Google Started This for Employees in 2007 and Now You Can, Too

In business, a small mistake or misjudgment can become a large problem. So wouldn't it be awesome if there were a simple way to improve? EQ is trainable.

James Godwin

5 minute read


This is so true, even Google focuses on EQ. One of the main reasons why I took my years of Tai Chi training and built an EQ course for the developers I managed. My Tai Chi has allowed me to build a solid foundation to support the most important aspect of EQ development which is attention training. Original article.

In business, a small mistake or misjudgment can become a large (and expensive) problem. So wouldn’t it be awesome if there were a simple way to improve your concentration, productivity, and decision-making?

Well, there is. The solution already exists.

It’s called mindfulness and it’s a simple, zero-cost way to improve your performance in business and in life.

Sometimes we get caught up in what’s going on around us. A day’s work can be hectic, with multiple tasks to complete and competing priorities to organize. If you’re putting out fires in your business, you start treating every little challenge like a fire hazard–you think less and react more each time.

But mindfulness enables you to pay attention to your thought processes and emotional states, in a calm and non-judgmental way, so that you’re better able to understand and modify your actions.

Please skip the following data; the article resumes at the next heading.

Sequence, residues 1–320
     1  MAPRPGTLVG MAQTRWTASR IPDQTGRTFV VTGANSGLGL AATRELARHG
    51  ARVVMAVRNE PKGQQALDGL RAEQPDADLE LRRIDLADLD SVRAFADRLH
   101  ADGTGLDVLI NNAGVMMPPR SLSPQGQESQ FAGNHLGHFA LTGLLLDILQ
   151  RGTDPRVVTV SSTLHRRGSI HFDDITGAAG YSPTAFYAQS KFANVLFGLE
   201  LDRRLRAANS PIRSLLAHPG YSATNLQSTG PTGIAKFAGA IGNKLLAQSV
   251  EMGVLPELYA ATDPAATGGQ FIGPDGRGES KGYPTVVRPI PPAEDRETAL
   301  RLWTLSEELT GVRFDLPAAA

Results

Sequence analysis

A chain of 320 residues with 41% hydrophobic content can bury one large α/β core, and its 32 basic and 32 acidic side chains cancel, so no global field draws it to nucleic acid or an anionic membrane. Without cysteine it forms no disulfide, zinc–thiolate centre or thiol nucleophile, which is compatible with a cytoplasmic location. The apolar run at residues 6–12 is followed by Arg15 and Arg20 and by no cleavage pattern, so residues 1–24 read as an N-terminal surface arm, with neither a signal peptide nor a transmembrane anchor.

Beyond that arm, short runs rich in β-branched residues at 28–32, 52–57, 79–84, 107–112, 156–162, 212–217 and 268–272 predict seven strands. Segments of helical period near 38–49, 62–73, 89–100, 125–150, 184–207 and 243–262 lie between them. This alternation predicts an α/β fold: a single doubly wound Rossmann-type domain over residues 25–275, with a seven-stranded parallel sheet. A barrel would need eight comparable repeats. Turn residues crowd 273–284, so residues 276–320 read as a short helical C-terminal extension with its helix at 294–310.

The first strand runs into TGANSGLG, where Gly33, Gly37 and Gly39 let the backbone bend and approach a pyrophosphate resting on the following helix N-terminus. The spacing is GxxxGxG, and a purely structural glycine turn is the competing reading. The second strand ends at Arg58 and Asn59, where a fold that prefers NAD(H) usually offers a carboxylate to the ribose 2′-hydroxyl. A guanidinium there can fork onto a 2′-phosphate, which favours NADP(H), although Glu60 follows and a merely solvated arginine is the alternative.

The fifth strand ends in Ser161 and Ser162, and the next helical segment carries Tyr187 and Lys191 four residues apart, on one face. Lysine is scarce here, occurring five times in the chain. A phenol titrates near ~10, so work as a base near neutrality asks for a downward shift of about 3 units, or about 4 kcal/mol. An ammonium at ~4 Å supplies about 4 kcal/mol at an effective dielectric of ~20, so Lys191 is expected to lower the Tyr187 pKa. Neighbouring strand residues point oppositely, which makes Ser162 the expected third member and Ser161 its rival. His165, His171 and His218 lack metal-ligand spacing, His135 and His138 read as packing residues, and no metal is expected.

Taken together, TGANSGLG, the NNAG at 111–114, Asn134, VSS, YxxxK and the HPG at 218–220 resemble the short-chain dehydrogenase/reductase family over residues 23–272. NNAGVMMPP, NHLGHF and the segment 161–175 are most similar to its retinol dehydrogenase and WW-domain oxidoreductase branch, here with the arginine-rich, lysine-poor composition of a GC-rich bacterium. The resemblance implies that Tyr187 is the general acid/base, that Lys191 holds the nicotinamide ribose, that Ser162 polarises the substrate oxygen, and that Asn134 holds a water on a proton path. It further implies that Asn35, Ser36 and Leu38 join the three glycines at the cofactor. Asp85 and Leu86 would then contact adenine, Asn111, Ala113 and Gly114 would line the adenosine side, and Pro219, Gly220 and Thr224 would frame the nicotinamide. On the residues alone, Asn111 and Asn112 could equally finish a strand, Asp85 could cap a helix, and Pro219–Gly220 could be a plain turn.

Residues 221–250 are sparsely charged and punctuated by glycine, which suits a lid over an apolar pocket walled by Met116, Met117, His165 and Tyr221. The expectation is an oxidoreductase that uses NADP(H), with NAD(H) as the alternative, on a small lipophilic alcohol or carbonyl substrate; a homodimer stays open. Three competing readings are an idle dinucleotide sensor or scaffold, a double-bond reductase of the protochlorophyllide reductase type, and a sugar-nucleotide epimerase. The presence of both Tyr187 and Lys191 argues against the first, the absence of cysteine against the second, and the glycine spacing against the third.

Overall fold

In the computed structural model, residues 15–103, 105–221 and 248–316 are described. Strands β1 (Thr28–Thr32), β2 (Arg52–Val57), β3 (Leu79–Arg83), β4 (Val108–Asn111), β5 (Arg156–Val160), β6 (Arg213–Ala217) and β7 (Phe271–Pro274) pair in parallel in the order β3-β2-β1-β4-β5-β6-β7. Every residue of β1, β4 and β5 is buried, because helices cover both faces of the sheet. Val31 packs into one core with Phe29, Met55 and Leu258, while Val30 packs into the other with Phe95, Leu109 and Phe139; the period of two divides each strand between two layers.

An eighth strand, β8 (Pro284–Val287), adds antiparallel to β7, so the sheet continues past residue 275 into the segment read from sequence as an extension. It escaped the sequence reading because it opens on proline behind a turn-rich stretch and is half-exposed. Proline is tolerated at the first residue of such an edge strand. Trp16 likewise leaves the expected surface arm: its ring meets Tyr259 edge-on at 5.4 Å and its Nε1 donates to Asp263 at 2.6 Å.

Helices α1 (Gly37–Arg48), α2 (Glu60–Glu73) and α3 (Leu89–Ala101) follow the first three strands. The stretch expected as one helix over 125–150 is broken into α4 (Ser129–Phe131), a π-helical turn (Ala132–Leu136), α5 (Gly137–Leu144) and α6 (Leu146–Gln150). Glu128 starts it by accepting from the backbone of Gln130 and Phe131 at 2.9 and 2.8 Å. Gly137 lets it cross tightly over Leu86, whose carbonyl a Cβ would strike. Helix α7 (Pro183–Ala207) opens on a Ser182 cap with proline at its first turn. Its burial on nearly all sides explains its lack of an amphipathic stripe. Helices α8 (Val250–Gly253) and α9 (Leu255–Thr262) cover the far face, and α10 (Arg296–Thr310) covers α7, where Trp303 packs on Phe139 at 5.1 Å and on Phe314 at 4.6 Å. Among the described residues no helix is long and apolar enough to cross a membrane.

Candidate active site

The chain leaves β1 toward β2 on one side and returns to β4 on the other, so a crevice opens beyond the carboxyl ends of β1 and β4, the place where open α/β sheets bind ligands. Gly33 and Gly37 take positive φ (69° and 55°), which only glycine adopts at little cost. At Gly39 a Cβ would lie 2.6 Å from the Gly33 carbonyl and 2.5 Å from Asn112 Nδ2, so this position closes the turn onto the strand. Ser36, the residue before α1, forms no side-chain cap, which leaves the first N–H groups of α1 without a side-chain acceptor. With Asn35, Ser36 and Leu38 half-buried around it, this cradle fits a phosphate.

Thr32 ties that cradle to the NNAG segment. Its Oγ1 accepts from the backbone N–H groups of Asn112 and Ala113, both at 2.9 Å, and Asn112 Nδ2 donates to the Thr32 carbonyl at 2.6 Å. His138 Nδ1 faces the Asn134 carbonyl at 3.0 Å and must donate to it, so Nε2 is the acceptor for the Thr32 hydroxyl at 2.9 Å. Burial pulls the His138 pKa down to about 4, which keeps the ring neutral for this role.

A Different Way of Knowing

“Mindfulness means paying attention in a particular way: On purpose, in the present moment, and nonjudgmentally.”

That’s the definition of mindfulness by Jon Kabat-Zinn, Professor of Medicine Emeritus and creator of the Center for Mindfulness at the University of Massachusetts Medical School. He also wrote several books including: Wherever You Go, There You Are; Mindfulness for Beginners; and, Full Catastrophe Living.

The American Psychological Association (APA) emphasizes that “mindfulness is a state and not a trait.” This is good news. It means we can all increase our levels of mindfulness.

It may be hard to believe that something so simple can have such life-changing effects, but research bears out its benefits.

The Benefits of Mindfulness

According to the APA, research on mindfulness has found the following benefits:

  • Reduced rumination (a compulsive focusing on one’s distress rather than solutions)

  • Stress reduction

  • Boosts to working memory

  • Improved focus

  • Less emotional reactivity

  • More cognitive flexibility

  • Increased satisfaction with relationships

  • Other benefits, such as enhanced self-insight, morality, intuition and fear modulation, as well as improved immune functioning, reduced psychological distress, faster information processing, decreased task effort, and fewer distractions

Mindfulness is so beneficial that, according to Mark Robert Waldman and Chris Manning, PhD, creators of the NeuroLeadership course for the Executive MBA program of the Loyola Marymount University, awareness is one of the 4 Pillars of Wealth (the other 3 being motivation, decision making, and creativity).